Standards in politics should apply to everyone equally

The switch from Daylight Savings Time to Eastern Standard Time invites us to discuss “standards” and why they are important to the ongoing progress of civilization.

Eastern Standard Time was a product of railroads. A uniform time standard was set to insure that trains ran on schedule. With the advent of the eight-hour-workday standard, Daylight Savings Time was instituted to allow workers to do outdoor farm chores and to have a few daylight hours left for leisure activities … Suppose, however, that there were no standards governing time. What if Boston adopted Daylight Savings Time while Atlanta, Georgia retained Eastern Standard Time? Imagine the mess that would create …

A local grocery store has an entrance sign that says “Our high standards begin here”. This informs customers that their products conform to certain guidelines of food quality and safety based upon the standards of the Pure Food and Drug Act that was passed in 1906 in response to Upton Sinclair’s novel, “The Jungle”, a work that exposed flagrant abuses in meat-production that posed a threat to public-health …

Extreme right-wing “tea party” activists and some left-wing anarchists share a common (and sometimes virulent) dislike for standards. Why is this? It’s mostly due to ignorance – an unwarranted fear that uniform guidelines might impose upon personal “freedom” or result in “dictatorship”. These misguided folks romanticize the “good old days” when standards didn’t exist and governments, corporations, and people “did their own thing”, often at the expense of their fellow citizens … Yes, some standards are flawed – i.e. “one-size-fits-all” medical procedures or overemphasis upon standardized testing in schools – but most standards were established for valid reasons and are what Martha Stewart might call “a good thing” …

There were no national standards in early America. The Articles of Confederation allowed states and even communities to print their own currency, violate property rights, and impose discriminatory laws against their citizens. Laws differed from region to region resulting in universal chaos (some folks thrive on chaos). Perhaps the first real example of “standards” in American history was the mention of “certain inalienable rights” in the Declaration of Independence (although the author of that document, Thomas Jefferson, didn’t always practice what he preached in regard to the rights of slaves, women, and Native Americans). In 1787, The U.S. Constitution established a set of “standards” for the operation of a national government. Those standards still exist today. Again, standards represent the path away from anarchy toward civilization …

Right-wing extremists oppose EPA standards. Serial polluters hate these standards as well and spend hundreds-of-millions of dollars that go into the campaign coffers of government-hating Congresspersons (an “oxymoron” if there ever was one) to gut clean air and clean water standards. The polluters never seem to think of spending the same amount cleaning up the messes they sometimes make … The extremists hate the standards set forth in many laws and programs from the reforms contained in the 1964 Civil Rights Act to recent Common Core learning standards adopted by many school systems. They oppose the Affordable Care Act because it sets certain standards for national healthcare and insurance coverage. They prefer instead a status-quo that allowed insurance cartels to impose higher premiums for women and to deny coverage on the basis of “pre-existing conditions” … These same reactionaries hate “minimum-wage” standards for workers. They and their donors prefer the “standards” one might find in places like China where workers have no rights, work long hours and receive little pay for their labor … Right-wing bigots in the House are currently poised to oppose ENDA (the Employment Non-Discrimination Act) a measure that would set standards that would prohibit the firing of LGBT employees. The list of standards hated by reactionaries seems endless …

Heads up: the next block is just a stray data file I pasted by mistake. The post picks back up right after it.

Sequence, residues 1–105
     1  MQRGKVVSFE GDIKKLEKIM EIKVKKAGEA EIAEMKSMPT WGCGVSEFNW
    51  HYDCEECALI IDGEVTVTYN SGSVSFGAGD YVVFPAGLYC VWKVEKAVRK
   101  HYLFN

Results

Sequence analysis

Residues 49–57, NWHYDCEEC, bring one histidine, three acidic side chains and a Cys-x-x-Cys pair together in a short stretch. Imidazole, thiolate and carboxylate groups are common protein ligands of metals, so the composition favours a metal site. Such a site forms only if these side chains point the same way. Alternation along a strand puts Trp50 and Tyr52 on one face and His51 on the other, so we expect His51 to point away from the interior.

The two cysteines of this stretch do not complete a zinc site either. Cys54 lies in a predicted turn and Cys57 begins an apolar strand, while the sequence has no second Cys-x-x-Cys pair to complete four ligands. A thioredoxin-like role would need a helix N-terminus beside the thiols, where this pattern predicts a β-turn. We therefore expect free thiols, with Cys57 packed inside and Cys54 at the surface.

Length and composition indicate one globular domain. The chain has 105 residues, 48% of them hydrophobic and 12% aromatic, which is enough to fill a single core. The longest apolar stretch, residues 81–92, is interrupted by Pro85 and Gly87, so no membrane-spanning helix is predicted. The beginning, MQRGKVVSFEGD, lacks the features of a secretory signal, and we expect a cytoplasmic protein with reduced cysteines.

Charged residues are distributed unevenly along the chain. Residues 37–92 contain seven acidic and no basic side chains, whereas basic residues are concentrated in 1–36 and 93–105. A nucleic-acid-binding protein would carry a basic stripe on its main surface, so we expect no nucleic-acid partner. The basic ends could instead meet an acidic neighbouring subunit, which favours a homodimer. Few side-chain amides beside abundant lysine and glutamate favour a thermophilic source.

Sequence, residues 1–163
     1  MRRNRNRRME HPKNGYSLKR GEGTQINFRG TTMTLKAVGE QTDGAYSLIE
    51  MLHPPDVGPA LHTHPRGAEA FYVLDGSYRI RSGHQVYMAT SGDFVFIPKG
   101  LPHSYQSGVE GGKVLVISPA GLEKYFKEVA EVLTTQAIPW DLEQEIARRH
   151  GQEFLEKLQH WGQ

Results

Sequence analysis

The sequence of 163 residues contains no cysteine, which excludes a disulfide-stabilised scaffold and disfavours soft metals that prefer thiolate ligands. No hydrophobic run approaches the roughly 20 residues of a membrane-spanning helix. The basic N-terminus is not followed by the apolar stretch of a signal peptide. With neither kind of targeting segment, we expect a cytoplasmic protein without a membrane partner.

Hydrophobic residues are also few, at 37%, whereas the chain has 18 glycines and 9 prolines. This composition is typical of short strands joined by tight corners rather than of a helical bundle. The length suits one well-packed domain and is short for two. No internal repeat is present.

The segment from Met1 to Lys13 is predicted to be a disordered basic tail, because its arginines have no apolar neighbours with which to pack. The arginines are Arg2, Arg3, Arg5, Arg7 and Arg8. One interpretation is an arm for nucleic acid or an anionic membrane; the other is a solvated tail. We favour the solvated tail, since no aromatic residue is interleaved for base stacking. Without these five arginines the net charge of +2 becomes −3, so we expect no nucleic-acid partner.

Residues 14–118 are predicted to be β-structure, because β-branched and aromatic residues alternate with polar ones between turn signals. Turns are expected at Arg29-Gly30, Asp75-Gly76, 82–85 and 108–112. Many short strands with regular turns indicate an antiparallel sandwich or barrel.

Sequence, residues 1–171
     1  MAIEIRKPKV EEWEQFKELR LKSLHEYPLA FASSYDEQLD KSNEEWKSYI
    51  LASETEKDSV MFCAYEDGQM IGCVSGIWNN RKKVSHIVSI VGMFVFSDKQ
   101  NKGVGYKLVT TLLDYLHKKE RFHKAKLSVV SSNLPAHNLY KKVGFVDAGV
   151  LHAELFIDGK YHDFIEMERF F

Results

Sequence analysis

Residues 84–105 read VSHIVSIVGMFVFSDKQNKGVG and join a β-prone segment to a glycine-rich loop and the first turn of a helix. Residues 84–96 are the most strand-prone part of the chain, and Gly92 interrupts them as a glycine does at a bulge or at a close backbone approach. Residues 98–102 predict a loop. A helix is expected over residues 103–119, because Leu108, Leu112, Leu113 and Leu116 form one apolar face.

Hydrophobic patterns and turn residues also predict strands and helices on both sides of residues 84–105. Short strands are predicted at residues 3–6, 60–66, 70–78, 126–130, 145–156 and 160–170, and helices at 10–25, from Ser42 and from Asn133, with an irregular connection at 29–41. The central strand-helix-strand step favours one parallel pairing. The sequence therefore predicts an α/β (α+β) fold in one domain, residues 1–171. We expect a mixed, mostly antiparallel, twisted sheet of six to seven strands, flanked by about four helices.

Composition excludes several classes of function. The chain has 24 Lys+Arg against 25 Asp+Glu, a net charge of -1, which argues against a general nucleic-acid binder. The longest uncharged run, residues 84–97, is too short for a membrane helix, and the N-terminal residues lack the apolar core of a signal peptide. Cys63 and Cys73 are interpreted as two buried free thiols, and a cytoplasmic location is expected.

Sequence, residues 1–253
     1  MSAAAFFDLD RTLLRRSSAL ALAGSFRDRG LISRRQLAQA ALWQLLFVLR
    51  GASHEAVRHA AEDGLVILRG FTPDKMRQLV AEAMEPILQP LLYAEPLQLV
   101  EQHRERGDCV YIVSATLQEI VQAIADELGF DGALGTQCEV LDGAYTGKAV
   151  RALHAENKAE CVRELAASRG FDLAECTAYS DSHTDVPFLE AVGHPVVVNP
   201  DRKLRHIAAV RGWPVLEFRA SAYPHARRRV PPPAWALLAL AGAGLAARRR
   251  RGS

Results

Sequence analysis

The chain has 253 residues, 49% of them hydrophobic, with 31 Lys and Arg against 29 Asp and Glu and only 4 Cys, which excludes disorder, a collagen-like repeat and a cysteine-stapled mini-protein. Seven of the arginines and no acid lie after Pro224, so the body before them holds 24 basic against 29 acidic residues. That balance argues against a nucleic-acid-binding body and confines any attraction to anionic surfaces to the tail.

Standards are often connected with “practices”. Uniform practices are disliked by cheaters who prefer a less-regulated system where they can dodge taxes, avoid regulations and award special privileges to their friends … Some alleged “Christians” profess to believe in the standards contained in the Ten Commandments, but don’t always adhere to the one that forbids “bearing false witness against thy neighbor”. Members of the current “do-nothing” Congress favor one set of standards for themselves and their supporters, but a different set for most Americans. An example of this would be a Congressman making $74,000. for working only 106 days a year who habitually refers to unemployed persons, the “working poor”, disabled persons, or public-employees as “lazy” or “unwilling to work”. One cannot avoid comparing these alleged “legislators” to the “pigs” in George Orwell’s “Animal Farm” who changed the standard that “all animals are equal” to read “all animals are equal, except for pigs who are more equal than other animals” … The members of this latter group are not “anarchists”. A more appropriate term would be “hypocrites”!

Fred O’Neill lives in Marietta.